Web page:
Recently I have worked on a small project of both sorting through old comics and finding a new way to store them. The common way of storing comic books is to get boxes from a local comic book shop and throw them all in by whatever organization that seems fit. It is a good way, and the storage option I used for a couple decades. But, the boxes do take up space and aren’t too stylish. I wanted a way that was both nice to look at and easy to keep around.
I thought about magazine files since it would provide a shelf option. I had several bookshelves already, so this seemed to work with those. Ikea had some great and cheap options for the magazine files. Next was how to make it so I knew which folder I was pulling out. For this, I used full sheet shipping labels that I could print out. I wanted a visual label that both contained certain titles and would be colorful to look at. Basically, instead of using a label that has just a letter on it, like “A”, I represented the contained issues by the comic covers. The Internet has a plethora of these comic covers, so it wasn’t hard to find them. The type of labels I used were Avery White Shipping Labels InkJet 8165. That’s as specific as I could be with that.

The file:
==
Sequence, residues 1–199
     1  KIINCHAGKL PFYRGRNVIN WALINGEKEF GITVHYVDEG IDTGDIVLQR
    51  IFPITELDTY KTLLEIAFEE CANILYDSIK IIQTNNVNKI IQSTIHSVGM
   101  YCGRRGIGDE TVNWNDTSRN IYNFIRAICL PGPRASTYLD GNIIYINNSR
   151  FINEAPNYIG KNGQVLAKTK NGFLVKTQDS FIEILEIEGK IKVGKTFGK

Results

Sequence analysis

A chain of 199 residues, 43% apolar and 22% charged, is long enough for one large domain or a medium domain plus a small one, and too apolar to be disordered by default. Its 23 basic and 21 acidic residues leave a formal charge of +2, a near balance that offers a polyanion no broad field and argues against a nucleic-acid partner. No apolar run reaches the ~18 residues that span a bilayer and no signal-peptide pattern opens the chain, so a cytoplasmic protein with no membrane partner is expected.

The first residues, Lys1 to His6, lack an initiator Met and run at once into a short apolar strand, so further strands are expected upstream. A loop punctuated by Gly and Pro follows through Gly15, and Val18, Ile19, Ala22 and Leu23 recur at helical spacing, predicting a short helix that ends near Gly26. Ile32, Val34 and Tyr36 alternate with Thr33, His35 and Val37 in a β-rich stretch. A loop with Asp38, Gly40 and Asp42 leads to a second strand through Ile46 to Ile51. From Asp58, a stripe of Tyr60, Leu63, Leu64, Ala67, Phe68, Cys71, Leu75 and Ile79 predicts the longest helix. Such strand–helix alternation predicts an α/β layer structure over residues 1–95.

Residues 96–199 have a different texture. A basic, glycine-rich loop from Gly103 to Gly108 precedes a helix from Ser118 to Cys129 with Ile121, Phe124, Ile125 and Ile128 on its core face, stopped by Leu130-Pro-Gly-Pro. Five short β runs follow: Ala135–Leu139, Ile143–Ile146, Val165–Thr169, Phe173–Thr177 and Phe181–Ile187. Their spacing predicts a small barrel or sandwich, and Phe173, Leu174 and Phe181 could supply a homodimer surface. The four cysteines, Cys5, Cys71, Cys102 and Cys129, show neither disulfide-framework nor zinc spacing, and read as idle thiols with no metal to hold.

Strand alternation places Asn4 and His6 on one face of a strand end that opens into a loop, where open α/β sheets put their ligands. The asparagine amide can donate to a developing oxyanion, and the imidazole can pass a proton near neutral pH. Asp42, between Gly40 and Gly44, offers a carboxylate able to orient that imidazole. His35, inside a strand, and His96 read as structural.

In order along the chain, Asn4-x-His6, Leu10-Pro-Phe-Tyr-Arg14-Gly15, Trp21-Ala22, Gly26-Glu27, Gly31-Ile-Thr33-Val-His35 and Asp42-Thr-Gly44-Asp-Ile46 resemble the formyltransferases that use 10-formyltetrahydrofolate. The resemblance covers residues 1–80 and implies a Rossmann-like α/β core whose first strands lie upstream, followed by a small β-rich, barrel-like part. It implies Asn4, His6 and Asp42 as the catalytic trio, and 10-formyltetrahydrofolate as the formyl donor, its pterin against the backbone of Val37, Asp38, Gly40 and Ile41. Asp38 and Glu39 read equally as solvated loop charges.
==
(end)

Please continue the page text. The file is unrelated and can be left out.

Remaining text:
I measured the dimensions of where I wanted the labels and made them accordingly on the computer. Once printed I cut them out and stuck them on. It was nice and easy. Some of the comics seemed flimsy within the folders, so I stuck comic backing boards at both ends to keep them all together.
I’m quite pleased with the result as it’s easier to pull out the comics I’m looking for and put them back nicely. No more pulling out a whole box, it’s just a simple folder now. And, as I pass by, it’s entertaining to stare at shelves of comics titles.
Latest posts by Murray the Bellhop (see all)
- New FastPass System Started at Disneyland Resort - June 21, 2017
- Rivers of America Construction & Summer of Heroes Showcase – Disneyland Update - June 19, 2017
- Marvel Comics News Digest 6/19 – 6/23/17 Featuring Disney Legends Awards - June 18, 2017